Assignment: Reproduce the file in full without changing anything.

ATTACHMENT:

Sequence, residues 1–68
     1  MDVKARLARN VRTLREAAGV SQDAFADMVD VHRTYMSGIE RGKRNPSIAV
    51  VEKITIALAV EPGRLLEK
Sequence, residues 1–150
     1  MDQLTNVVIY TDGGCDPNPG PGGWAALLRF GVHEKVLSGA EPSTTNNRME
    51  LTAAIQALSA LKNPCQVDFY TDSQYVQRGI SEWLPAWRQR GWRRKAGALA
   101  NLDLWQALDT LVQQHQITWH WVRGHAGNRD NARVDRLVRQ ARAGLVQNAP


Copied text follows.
Sequence, residues 1–68
     1  MDVKARLARN VRTLREAAGV SQDAFADMVD VHRTYMSGIE RGKRNPSIAV
    51  VEKITIALAV EPGRLLEK
Sequence, residues 1–150
     1  MDQLTNVVIY TDGGCDPNPG PGGWAALLRF GVHEKVLSGA EPSTTNNRME
    51  LTAAIQALSA LKNPCQVDFY TDSQYVQRGI SEWLPAWRQR GWRRKAGALA
   101  NLDLWQALDT LVQQHQITWH WVRGHAGNRD NARVDRLVRQ ARAGLVQNAP